Study - The historical controversy of the battle of Covadonga
The major controversies are undoubtedly about the year of the battle of Covadonga.
The battle is mentioned in the Asturian chronicles, which are the Cronaca Albeldense ( finished in year 833), the Cronaca Profetica and the Cronacae Alfonsinae ( so called after King Alfonso III, 866-910) which includes the Cronaca Rotense and the Cronaca ad Sebastianum. A reference can also be found in the Cronaca Silense ( early medieval time). A 733 war campaign described in Cronaca Mozaraba led some people to believe this could include the date for the battle of Covadonga. However historians rejected this hypothesis after they realised the campaign mentioned by the Islamic code happened in the Pyrenees ( and this would coincide with a possible southbound retreat following the defeat of Poitiers in 732).
Well known Spanish historian Sanchez Albornoz1 ( see below bibliography) concluded that the majority of codes would point at 28th May 722, challenging the traditional notion of 718. But historians like Montenegro and Castillo2 never accepted his argument and insisted 718 was the precise year when Cordoba’s authorities set a punitive mission against rebel Pelayo and some Al Qama, a lieutenant officer of the Valì of Cordoba, took charge of it
Other sources suggest the battle happened before as Munuza (which the Chronicles confirm having taken part in the expedition) was made governor of Gijón from his friend Tariq ibn Ziyad, while this, the Emir of North Africa, Musa ibn Nusayr and his son, Abd el Aziz were near to complete the conquest of Asturias in 714. And by then Pelayo must have been already known by Munuza who had fallen in love with his sister Ormosinda and hoped to marry her, perhaps in exchange for peace. Recently some historians deny that the battle took place. This possibility should not be underestimated, because at that time many Asturian Chronicles were commissioned by the royal courts for praising their origins, thereby creating a propaganda useful to unite Christians of those lands under one flag. Accordingly, in the absence of objective data and in the presence of many contradictions, I chose to set the events around 714 , because this year coincided with the end of the war campaigns of Musa and Tariq (some sources say he too knew well Pelayo) and one cannot figure out why the Muslims, after so much hard work, would have abandoned the idea of taking the last morsel of that huge territory without at least try to conquer it. Also this choice allows to group the most relevant (and fascinating) characters at the beginning of the invasion (Tariq and Musa left Spain at the end of that year, called urgently to Damascus to render account of the excessive expenditures of their campaigns; the son of Musa, El Abziz became Governor of Andalusia but was assassinated in 716, apparently by killers sent from Damascus). Instead characters like Al Qama and Ambasa, mentioned by some of the Chronicles, are here reduced to minor extras. As in the tradition of historical novel, it is clear that this is a work of fiction and it is not an essay. I tried to be probable rather than true and in any case, despite many academic efforts, it seems to me that we are still in the context of a legend, and then, pending a better agreement among historians, there is still much room for subjectivity.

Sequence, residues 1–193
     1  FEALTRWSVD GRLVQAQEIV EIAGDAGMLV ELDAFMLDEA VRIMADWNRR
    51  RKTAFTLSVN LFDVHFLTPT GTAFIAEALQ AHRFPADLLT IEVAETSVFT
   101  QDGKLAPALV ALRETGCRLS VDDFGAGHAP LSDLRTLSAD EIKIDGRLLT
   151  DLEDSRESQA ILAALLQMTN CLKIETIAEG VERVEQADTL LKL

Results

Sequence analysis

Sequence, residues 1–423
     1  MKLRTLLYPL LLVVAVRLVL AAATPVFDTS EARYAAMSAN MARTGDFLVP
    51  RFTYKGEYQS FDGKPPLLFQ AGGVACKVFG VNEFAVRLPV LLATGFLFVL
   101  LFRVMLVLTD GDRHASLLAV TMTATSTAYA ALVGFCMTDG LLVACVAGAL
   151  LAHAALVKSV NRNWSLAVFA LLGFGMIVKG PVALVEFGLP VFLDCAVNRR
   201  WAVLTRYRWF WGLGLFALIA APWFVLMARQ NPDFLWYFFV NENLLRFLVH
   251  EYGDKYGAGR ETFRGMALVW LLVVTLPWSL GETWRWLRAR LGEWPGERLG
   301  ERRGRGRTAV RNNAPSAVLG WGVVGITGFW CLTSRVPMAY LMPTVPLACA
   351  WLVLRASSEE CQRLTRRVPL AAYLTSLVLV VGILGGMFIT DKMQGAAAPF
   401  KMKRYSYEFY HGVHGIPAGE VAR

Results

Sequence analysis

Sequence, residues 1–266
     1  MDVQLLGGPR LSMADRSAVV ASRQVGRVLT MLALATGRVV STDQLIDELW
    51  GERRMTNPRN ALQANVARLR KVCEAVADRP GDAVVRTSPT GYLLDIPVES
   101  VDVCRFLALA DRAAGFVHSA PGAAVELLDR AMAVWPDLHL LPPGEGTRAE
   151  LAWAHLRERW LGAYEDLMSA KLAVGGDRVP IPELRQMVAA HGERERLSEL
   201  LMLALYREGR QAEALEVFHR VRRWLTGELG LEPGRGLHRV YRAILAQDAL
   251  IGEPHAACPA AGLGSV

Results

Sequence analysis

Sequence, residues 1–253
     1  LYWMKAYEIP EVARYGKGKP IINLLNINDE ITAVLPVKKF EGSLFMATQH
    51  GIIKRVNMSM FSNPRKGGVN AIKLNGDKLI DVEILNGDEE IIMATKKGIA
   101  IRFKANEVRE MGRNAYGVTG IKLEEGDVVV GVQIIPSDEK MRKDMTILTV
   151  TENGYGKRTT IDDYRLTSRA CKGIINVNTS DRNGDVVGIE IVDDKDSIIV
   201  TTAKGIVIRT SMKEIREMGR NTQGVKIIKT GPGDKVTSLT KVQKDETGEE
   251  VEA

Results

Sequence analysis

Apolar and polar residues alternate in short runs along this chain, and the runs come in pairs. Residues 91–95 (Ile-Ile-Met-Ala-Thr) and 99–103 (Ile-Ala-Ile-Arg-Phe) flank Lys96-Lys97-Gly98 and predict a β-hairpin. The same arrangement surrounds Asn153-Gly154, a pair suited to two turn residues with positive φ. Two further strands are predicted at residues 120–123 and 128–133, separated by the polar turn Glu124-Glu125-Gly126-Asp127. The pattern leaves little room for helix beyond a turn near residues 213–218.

However, in order not to provoke other disputes and also to respect the sensibility of Spanish readers, I chose not to make precise reference to the year of the battle. Indeed, the novel opens with a generic day of spring at the dawn of the 8th century and there is only one cue (in the The Red Lion chapter) that can make people understand the exact year I have chosen. As with regard to the reconstruction of the first stages of invasion I largely relied on the studies of Abdulwahid Dhanun Taha3 which I found very serious and detailed. Reading his book, I came to the conclusion that the mythical battle occurred around 714, although it is likely that other smaller clashes may have followed in the following years and therefore ended in the Alfonsine Chronicles (written anyway one hundred and fifty years after) causing huge uncertainty about the precise dating of the event. Taha often mentions a chronicle of 754 that Western authors seem to ignore. Furthermore, he also cites the researches of Garcia Domingues, who hypothesizes that the campaign of Musa had joined that of son in the Asturias. This does not seem to be supported by documentary evidence, but to me it seemed useful to bring together all these characters. Finally from this Islamic historian I learned of the character of Tudmir (Teodomir), the lieutenant who gave the shocking news to King Roderic that thousands of Saracens were invading the South of the peninsula. It must be noted that this Teodomir (the imaginary Froliuba's father, in the novel) has nothing to do with Count Tudmir that during those years had created an independent Government around Cartagena. Abdulwahid Dhanun Taha was Professor at the University of Mosul in Iraq, at least in the 80s. I have no track of further activities.